The Minister of Foreign Affairs, Ambassador Aminu Wali, has told the United Nations that Nigeria will not repeal the law banning same-sex relationship and marriage.
He urged the United Nations High Commissioner for Human Rights, Ms. Navi Pillay, who paid him a courtesy visit on Thursday in Abuja, to accept Nigeria’s position on same-sex marriage.
According to him, same-sex marriage is against the way of life of Nigerians who have expressed support for the government on the anti-gay law.
He said 99 per cent of Nigerians supported the anti-gay law.
Wali said based on the culture and tradition of the Nigerian people, they would never accept same-sex marriage and relationship.
“With time, things may improve, but Nigeria is fundamentally a very religious society and our people cannot understand same-sex relationship.
“Personally too, I do not accept same-sex marriage even though it conflicts with international norms on human rights,” he said.
The minister chided some members of the international community for making “a lot of noise” after President Goodluck Jonathan approved the law.
He said that Nigeria had always operated a legal system that did not recognise same-sex marriage. The minister cited the country’s common, Sharia and customary laws as examples of the nation’s laws that prohibited homosexuality.
He assured the UN chief that the law prohibiting same-sex marriage in Nigeria would not allow unnecessary prosecution of people.
The minister said that Nigeria had respect for freedom of speech and human rights, adding that “we have always had good records in all aspects of human rights.”
On the Boko Haram insurgency, Wali said that the Federal Government had consistently protected the rights of insurgents captured during military operations, even when they did not deserve such protection.
Wali said there was no credible case of “extra-judicial killings or summary executions” of insurgents captured during military operations.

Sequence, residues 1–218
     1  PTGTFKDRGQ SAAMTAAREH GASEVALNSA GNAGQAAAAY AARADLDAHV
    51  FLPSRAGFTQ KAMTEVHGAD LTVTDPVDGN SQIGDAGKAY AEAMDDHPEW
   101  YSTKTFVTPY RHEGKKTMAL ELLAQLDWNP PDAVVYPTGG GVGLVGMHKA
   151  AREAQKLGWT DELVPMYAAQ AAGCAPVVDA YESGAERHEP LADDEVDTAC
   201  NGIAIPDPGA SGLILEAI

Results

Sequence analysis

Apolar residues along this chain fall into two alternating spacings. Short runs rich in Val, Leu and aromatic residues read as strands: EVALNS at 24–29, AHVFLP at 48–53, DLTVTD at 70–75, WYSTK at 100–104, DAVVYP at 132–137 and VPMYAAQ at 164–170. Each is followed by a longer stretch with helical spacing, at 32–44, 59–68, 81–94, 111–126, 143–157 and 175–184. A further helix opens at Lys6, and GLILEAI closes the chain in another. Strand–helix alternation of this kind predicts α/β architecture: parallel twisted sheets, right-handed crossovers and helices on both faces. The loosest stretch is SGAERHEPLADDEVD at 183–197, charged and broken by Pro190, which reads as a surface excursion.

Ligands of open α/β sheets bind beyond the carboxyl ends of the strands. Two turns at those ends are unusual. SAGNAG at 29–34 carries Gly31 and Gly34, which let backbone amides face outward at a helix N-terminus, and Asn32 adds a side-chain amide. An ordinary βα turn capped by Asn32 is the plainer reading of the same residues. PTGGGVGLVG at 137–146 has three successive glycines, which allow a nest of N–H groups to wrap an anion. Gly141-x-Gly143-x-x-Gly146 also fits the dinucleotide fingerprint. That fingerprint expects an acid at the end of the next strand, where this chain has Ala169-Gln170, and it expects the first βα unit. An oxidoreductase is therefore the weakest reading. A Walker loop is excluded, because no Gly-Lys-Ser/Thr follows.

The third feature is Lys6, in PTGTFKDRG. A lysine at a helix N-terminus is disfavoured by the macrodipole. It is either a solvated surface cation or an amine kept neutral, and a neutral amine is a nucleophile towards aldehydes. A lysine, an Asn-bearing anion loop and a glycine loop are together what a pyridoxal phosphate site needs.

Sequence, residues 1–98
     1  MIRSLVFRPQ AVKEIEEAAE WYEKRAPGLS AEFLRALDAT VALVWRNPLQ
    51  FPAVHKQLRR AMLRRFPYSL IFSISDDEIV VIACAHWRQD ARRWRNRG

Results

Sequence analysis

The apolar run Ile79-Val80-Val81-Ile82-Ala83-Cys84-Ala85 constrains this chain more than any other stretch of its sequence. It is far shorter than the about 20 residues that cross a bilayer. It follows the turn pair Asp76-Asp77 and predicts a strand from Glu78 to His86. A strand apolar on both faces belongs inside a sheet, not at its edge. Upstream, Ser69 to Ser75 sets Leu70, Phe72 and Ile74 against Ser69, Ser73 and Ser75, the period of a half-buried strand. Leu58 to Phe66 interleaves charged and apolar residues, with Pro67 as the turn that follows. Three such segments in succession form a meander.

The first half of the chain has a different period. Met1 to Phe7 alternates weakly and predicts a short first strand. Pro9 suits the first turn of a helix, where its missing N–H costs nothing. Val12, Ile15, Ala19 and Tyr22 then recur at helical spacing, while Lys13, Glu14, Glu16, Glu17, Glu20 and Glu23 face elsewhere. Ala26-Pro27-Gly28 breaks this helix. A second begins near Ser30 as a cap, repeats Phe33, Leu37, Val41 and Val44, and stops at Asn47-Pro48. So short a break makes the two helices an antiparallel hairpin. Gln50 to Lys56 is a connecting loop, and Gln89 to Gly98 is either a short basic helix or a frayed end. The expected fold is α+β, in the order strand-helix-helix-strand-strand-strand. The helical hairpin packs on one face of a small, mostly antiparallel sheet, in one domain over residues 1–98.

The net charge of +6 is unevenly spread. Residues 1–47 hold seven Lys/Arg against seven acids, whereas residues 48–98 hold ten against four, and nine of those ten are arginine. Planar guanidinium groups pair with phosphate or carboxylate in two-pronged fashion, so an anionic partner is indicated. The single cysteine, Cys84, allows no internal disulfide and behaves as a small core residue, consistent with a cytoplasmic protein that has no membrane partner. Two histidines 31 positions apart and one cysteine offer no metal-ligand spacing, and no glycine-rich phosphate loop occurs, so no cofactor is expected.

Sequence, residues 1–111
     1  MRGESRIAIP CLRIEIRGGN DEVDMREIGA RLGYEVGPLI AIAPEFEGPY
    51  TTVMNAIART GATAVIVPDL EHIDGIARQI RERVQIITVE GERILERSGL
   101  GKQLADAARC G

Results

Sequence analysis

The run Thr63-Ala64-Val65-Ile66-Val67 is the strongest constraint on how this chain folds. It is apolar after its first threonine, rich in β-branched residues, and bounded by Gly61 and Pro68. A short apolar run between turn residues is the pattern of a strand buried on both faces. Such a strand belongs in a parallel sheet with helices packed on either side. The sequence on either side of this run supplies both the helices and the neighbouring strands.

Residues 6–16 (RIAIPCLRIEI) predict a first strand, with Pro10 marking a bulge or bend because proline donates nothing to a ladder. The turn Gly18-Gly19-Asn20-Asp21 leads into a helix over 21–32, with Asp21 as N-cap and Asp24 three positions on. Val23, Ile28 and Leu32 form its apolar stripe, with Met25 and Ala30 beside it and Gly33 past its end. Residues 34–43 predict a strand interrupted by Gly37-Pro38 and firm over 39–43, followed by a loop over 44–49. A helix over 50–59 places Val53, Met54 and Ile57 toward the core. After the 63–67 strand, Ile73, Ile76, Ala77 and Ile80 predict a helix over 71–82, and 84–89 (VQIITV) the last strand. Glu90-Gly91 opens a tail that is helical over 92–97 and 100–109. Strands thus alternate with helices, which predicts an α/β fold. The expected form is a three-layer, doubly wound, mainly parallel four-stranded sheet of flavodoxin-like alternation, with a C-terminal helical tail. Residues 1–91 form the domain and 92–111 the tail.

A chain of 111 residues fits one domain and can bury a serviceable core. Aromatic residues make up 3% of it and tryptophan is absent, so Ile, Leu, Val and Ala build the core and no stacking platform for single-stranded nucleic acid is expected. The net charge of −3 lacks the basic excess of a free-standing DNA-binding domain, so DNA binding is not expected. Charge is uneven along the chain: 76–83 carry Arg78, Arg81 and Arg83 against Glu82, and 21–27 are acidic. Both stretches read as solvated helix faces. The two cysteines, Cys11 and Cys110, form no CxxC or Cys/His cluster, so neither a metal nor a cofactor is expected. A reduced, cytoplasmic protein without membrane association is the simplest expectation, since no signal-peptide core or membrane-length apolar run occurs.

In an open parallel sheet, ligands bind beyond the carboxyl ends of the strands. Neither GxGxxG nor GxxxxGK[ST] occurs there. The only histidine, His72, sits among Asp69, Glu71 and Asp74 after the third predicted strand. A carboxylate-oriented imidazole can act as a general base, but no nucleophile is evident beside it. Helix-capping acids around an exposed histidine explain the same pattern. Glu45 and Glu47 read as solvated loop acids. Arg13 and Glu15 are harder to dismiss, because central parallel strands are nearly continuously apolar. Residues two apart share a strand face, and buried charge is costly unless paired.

He said that the captured insurgents were in various jails in the country, while some had been subjected to prosecution.
Wali pledged Nigeria’s support for the UN Human Rights Council resolution to end attacks, harassment and reprisals against human rights defenders.
The resolution was adopted in September 2013 by the UNHRC.
Earlier, Pillay had said that the anti-gay law “is a violation of the human rights enshrined in the international covenant of civil and political rights. It contravenes Africa’s charter and the Nigerian constitution itself.”
She added that the UN was concerned with the negative consequences the law would have on some people.
Pillay argued that it might deter the affected persons from taking up HIV education, treatment and care facilities and also hindered government and the civil society groups.
“I am seeking your good office to see some kind of moratorium on prosecution at this moment. We can do much more work to have all Nigerians respect the human rights of all people, to respect diversity, to promote values of tolerance, acceptance with targeted training for law enforcement and other things.”
Pillay, who noted that Nigeria had improved on human rights protection, pointed out that the country was still lagging behind in some of the human rights reports.
“Nigeria is behind in many of its reports and I am here to see how best we can support you in catching up with those reports,” she said.
Citing the resolution adopted by the UN Council on Human Rights in March 2013, she argued that the use and abuse of national law to impair and criminalise the work of human right defenders was “a contravention of international law and must end.”
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